What Keeps a Nobel Laureate Up All Night?
We close with the enigma of integration, with Professor Sir John Gurdon from Cambridge University.
John - It is possible to take a tiny piece of skin from an animal or human and to grow that into functional cells such as heart. This has been done in some elegant work by Bern and others. A series of steps are involved, but the end result is, that you can see thousands of cells beating in unison in the laboratory, all under culture conditions (that means usually cultured in a flask or on a substrate). These cells then behave just like you might hope for a heart so that they are beating in unison and as I say, several thousand of them. However, when these cells are transplanted to a recipient, they do not integrate properly into the recipient's own heart. They go on behaving independently and are therefore not readily useful to a patient.
The nervous system work is comparable. It has been possible to inject some brain cells into a Parkinson's patient and the patient shows some benefit of these implanted cells for a few months. However, in a particular case, such a patient eventually died some 17 years later and they found that the implanted cells was still alive or their progeny were, were over this long period of time, but had actually made no useful contribution to relief of the Parkinson's condition.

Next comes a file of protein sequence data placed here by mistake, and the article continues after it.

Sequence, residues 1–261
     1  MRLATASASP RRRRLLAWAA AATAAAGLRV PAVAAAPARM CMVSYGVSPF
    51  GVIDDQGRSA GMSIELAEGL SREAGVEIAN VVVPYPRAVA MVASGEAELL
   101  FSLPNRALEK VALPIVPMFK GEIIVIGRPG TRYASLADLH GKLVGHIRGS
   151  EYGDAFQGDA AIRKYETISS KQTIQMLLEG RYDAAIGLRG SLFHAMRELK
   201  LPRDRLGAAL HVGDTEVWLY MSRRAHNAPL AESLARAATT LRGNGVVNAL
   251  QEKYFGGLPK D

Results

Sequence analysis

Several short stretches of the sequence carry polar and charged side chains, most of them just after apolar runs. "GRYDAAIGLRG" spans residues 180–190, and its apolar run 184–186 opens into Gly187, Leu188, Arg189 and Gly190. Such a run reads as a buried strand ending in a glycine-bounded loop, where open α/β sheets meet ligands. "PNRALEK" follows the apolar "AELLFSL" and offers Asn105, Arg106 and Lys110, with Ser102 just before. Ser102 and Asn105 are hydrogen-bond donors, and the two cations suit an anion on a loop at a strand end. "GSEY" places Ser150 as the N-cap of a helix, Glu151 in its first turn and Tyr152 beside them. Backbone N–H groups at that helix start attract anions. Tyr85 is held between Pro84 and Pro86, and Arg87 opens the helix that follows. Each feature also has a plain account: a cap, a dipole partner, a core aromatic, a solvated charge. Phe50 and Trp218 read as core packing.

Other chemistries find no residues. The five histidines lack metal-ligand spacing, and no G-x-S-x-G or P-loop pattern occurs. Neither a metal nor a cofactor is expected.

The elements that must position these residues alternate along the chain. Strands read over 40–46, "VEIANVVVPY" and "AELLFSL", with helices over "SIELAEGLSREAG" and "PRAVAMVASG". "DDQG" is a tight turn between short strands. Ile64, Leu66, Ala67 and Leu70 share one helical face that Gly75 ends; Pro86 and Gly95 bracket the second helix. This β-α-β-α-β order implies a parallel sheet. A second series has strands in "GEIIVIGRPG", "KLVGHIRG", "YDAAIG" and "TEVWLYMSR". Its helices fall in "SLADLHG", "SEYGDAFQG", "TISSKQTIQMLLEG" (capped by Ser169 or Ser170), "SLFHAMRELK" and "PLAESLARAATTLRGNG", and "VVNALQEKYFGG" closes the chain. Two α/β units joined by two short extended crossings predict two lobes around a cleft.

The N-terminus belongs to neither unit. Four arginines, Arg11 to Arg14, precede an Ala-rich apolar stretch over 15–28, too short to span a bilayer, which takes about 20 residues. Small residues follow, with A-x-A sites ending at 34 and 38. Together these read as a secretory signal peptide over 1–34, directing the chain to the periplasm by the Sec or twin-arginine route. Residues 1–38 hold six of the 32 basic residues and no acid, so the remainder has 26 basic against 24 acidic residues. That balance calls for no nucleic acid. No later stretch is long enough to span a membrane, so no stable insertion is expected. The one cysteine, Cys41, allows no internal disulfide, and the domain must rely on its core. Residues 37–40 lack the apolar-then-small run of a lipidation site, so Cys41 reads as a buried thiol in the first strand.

Having got cells which seem to work very effectively in culture in the laboratory, there is still some problem in getting such cells to integrate functionally into a recipient. It seems to me that this is one of the future challenges of this field.
It's really rather remarkable to me that one can go from a tiny piece of skin to functional heart or functional brain cells in the laboratory, and yet, that final step of getting them to actually integrate and continue their useful function in the patient does still have to be solved.
Hannah - That was Professor John Gurdon from Cambridge University presenting his fascinating facts on the progression with birth of brain cells or neural stem cell biology and what we have yet to learn in order to successfully integrate new cells into the brain and body.